FAME Review: Austin Young & No Difference - Blue as can Be
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Austin Young & No Difference - Blue as can Be

Blue as can Be

Austin Young & No Difference

Vizztone - VTAY-003

Available from Vizztone Music Store.

A review written for the Folk & Acoustic Music Exchange
by Mark S. Tucker
(progdawg@hotmail.com)

Every so often, some blues barnburner comes along who, at a young age, just blows the stage up. Jonny Lang was one, Kenny Wayne Shepherd was another, and of course Jeff Healey remains a lamp burning well past midnight in that regard. Now you can add Austin Young to the list. From the very first track, the aptly cognomened "Thunderhead", this 17-year old rips up the solo sections like there's no tomorrow, blending the sadly missed Healey with the recently late Alvin Lee and Gary Moore (and, hey, can't someone talk to the godthing and get Him to grant more years to artists? What the hell???) in a sound that's relentless, gritty from the word "Go!", and zestful as a full-serve beer garden in the middle of the Sahara.

This very talented teenaged wunderkind has a good singing voice too, neither over the top nor understated but 100% populist, committed, the kind of kid next door you're first minded to yell at, telling him to turn it down, until you realize he's tearing out some really fine stuff and thus saunter over to sit down and groove. If that weren't enough, he wrote and co-wrote every cut here. How is it some people are born with so much more than the rest of us? Good thing that's so, though, or we'd all be Republicans. Count your blessings that artists save our dour rear ends. Then the track Signal demonstrates why, when he was even younger, Austin was invited to the SRV Remembrance Concert in Arlington, Texas, but it also blends in some distinctively European rock strains. The solo spots are pure Stevie Ray but the song itself is dominantly Germano-European, bringing back memories of early Epitaph and other combos.

Things ease up in the ballads, and the sparkling Springtime Snow is a great example of Young's touch in restraint. Great shuffle beat, marvelous backgrounded guitar lines, warm backing vocals, plaintive leads, xlnt keyboards from Tom Tapec (who appears elsewhere in the CD and should be inducted into the band), everything mellifluous and flowing. As is sometimes the case in fledgling prodigies, there's a dad somewhere in the mix and, sure enough, Tim Young, Austin's sire and undoubtedly a prime reason he's gotten where he has, plays drums beside Noah Mast's liquid bass work in this trio. There's a sure-fire future standard in the mix as well: the 7-minute One Good Reason blow out, pure through and through Chicago blues by way of Memphis and London. When I first heard it, I thought "Yeah, I know that tune, but I can't remember who wrote it." Picking up the liner, I discovered it was Young's own and realized just how centered in the tradition this guy really is. So what're ya awaiting for? Turn off the friggin' TV, throw the radio out the window (that ceaselessly repeating cycle of Pink Floyd, Tom Petty, and Bruce Springsteen's gettin' kinda old, isn't it?), and catch some down 'n dirty across-the-tracks class instead. The mainstream hasn't done jack for anyone in the last three decades, the indies are the new utopia, and if you think that means everyone's going to have to get as puzzlingly chameleonic as The Flaming Lips, then Blue as can Be is going to change your mind awfully damn quickly.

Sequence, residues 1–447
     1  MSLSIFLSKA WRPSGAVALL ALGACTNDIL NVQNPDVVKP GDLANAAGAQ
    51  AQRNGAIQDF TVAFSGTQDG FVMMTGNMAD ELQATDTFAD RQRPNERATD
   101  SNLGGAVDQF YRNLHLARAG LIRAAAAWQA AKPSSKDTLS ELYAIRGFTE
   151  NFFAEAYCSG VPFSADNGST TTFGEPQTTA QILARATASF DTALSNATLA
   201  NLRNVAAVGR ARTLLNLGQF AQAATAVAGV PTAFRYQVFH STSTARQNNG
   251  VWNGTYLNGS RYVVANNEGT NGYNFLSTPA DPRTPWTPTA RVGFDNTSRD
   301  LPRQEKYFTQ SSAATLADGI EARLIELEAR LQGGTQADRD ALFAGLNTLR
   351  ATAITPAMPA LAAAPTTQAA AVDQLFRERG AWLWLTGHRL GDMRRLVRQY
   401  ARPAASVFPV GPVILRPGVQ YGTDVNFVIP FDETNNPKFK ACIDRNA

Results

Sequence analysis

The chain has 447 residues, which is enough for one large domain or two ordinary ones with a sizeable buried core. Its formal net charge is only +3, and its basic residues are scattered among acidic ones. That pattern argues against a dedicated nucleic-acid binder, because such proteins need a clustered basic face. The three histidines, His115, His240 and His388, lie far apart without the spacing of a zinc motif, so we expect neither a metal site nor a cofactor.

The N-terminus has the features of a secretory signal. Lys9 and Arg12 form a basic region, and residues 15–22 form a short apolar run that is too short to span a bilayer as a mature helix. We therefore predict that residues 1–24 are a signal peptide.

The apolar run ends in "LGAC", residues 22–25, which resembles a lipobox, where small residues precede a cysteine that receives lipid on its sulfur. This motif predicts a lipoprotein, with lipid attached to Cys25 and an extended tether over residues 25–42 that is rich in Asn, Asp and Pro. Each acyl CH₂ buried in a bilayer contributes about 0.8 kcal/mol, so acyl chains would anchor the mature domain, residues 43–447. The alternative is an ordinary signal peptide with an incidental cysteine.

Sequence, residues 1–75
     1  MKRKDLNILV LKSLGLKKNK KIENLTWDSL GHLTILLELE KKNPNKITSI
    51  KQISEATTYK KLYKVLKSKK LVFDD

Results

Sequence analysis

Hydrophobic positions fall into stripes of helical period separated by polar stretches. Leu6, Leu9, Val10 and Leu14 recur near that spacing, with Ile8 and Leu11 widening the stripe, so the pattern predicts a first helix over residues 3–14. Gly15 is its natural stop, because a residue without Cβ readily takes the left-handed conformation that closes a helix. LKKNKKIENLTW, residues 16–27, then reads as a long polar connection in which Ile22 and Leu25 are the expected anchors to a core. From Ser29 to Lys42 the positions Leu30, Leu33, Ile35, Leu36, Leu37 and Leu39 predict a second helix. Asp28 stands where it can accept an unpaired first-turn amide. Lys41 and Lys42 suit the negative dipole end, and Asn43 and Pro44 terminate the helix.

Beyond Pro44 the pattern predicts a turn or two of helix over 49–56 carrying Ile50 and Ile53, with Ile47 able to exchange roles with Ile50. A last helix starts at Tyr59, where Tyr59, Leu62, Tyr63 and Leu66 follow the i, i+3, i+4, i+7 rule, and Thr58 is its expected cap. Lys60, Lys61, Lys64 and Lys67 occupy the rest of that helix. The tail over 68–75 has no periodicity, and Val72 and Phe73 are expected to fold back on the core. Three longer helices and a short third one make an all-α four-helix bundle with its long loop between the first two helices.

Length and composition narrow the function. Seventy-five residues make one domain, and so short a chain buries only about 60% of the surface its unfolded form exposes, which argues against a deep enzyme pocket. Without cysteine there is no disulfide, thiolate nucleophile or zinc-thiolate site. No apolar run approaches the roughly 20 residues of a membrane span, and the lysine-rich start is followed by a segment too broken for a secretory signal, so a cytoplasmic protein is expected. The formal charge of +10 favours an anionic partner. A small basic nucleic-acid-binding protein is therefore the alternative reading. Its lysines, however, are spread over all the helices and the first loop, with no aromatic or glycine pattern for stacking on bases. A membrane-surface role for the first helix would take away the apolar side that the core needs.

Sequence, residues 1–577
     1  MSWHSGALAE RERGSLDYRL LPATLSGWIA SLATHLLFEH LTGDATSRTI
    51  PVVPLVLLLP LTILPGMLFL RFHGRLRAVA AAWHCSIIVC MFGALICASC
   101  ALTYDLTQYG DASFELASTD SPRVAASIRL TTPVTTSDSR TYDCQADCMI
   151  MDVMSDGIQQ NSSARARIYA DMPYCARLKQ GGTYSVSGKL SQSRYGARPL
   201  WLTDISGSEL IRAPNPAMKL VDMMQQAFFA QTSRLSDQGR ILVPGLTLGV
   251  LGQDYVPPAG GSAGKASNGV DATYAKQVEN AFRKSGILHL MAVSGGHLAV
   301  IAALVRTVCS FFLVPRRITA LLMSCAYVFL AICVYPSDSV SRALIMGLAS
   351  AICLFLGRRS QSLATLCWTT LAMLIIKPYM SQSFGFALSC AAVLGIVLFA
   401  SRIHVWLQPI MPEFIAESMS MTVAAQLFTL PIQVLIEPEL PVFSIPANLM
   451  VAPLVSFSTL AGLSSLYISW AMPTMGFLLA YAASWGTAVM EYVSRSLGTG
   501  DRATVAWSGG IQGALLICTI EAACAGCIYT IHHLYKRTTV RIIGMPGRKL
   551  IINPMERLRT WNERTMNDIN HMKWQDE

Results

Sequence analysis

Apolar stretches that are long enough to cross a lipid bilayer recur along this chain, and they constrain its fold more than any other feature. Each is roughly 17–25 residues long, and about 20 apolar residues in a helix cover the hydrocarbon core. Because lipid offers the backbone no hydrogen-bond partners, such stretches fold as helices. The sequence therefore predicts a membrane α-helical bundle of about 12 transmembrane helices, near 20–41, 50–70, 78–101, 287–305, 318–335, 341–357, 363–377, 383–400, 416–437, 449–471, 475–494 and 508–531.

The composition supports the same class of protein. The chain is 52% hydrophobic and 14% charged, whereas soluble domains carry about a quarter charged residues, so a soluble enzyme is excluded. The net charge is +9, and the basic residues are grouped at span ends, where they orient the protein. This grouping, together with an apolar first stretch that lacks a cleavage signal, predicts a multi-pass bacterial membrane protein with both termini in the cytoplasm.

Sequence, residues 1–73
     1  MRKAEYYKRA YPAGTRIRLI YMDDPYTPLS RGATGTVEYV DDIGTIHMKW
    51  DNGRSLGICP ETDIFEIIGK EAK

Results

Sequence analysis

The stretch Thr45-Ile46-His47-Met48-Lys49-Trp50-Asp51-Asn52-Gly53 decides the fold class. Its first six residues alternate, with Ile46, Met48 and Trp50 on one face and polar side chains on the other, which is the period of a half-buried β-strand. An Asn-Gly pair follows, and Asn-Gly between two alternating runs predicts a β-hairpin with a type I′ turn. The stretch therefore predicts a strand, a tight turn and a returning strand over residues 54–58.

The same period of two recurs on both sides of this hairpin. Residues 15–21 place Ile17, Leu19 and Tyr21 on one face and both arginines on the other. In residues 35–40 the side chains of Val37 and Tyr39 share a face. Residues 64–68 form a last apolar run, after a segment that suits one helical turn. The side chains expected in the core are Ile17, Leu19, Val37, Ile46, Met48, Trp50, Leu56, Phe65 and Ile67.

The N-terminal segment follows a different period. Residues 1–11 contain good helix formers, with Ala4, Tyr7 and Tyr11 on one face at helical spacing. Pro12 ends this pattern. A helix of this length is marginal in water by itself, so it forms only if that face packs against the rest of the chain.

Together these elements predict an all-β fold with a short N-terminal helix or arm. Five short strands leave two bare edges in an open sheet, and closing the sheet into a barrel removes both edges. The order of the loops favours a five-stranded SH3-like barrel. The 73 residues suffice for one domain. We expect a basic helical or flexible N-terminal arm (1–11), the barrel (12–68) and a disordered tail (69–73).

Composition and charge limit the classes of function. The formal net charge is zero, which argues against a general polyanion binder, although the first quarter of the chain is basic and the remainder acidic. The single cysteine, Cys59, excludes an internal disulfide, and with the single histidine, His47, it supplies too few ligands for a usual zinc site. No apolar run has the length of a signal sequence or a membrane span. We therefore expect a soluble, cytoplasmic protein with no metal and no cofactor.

Track List:

  • Thunderhead (Austin Young)
  • Blue As Can Be (Austin Young)
  • Disappearing Railroad Blues (S. Mast / N. Mast / A. Young)
  • Signal (A. Young / S. Mast / N. Mast)
  • Springtime Snow (A. Young / T. Young)
  • Magdalena (Young / Adam)
  • Not As Strong (A. Young / Mast / Mast)
  • Who's Coming Out? (A. Young / S. Mast)
  • Borrowed Time (S. Mast / N. Mast / A. Young)
  • That's It (A. Young / S. Mast)
  • Give Me One Good Reason (A. Young / S. Mast)
  • Walking Through (S. Mast / A. Young)
  • Miss You Moore (A. Young / T. Young / N. Mast)

Edited by: David N. Pyles
(dnpyles@acousticmusic.com)

Copyright 2013, Peterborough Folk Music Society.
This review may be reprinted with prior permission and attribution.
 
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